95-year-old woman attacked by raccoon ends up in hospital
Merrijoy Kelner walks 7000 steps every morning.
A Torontonian was attacked by a raccoon during a his morning walks. If the animal was eventually captured and found to be free of rabies, this raises questions about the resurgence of these attacks.
Nothing could distract Merrijoy Kelner, 95, from her morning stroll, not even a feisty raccoon.
On January 31, despite the cold, she began her daily ritual of doing 7000 steps. Walking sticks in hand, she headed for Taddle Creek Park in Toronto.
Halfway through, the walk however, took another turn, much less pleasant. A raccoon ran after her before grabbing her leg and biting her.
I was in shock. I didn't even know what animal it was. I should have hit him with my stick, but I was so stunned I didn't even think about it, and he kept biting me, she says.
Luckily for her, a passerby forcibly removed the animal. A crowd has also formed around her.
Sarah Potts lives near the park and witnessed the scene. She explains that she noticed that the animal had a strange behavior shortly before seeing it attack.
She explains that she saw the raccoon in a very strange state, running on the road and biting cars.
I felt bad for him and I felt bad for [Ms. Kelner], she said.
Susan McIlroy, who is in charge of controlling a pedestrian crossing in the area, had already contacted the services of the City to report the behavior of the mammal.
She explains that animal services later arrived and captured the raccoon. Then they took him for tests.
Merrijoy Kelner was taken to the emergency room, her leg pierced by five bite wounds.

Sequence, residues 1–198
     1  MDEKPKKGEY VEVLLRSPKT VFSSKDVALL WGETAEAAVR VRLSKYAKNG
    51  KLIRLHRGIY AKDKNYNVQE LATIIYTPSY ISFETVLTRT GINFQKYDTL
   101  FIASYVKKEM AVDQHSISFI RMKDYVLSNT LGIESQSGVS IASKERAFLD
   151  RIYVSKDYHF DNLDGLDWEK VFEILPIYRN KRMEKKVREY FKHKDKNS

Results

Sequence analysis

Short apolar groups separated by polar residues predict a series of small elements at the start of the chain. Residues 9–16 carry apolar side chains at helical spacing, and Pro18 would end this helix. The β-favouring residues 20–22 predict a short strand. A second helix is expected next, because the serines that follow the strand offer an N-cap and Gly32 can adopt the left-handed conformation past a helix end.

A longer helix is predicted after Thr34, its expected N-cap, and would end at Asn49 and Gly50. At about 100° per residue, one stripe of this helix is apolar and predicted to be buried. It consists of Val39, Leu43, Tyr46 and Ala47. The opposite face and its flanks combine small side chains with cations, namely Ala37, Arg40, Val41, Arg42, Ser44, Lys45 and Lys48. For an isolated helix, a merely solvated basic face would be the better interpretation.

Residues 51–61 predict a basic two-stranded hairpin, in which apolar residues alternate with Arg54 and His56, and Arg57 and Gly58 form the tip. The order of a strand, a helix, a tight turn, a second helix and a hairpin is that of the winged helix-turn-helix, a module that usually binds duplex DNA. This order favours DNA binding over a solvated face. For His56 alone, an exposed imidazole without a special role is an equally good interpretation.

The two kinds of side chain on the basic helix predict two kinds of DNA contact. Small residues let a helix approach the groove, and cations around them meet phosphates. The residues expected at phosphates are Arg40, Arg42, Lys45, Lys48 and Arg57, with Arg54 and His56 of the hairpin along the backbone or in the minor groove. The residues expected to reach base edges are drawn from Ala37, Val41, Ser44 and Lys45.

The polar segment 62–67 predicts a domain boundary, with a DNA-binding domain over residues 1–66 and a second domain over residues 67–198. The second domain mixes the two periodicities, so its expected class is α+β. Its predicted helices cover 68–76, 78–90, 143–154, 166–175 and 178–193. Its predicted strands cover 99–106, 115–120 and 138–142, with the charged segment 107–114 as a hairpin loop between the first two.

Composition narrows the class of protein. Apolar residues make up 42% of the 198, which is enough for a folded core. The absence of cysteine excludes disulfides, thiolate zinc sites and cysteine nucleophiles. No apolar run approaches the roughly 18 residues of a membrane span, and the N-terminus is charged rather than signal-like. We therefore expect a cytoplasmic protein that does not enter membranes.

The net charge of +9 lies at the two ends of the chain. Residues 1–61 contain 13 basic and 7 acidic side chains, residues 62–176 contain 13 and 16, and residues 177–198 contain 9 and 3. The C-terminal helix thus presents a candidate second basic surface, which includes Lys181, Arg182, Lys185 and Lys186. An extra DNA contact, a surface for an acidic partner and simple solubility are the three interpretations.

One of the bites was really deep, the others weren't too bad, she explains.
As a precaution, she received a rabies vaccine in each of the wounds. The following day, the City's animal services were able to allay his fear. The animal had been tested and was free of rabies.
Merrijoy Kelner has since reported a good recovery.
I am grateful to be in good health and to be able to recover from this type of attack, she adds.
Toronto Public Health indicates that during the period from January 1 to March 8, she received 42 reports of raccoons.
For comparison, over the same period over the last five years, the figures indicate an average of 12 reports.
Several raccoons in Toronto have distemper.
Toronto Animal Services says there has been an increase in requests to intervene in raccoon cases sick or injured in the city center.
According to them, the reason lies largely in the spread of distemper, a condition that then causes these animals to s' approach humans. This disease makes them lethargic, disoriented and aggressive when cornered.
Often fatal, this disease attacks the respiratory, gastrointestinal and nervous systems of raccoons .
With information from Meg Roberts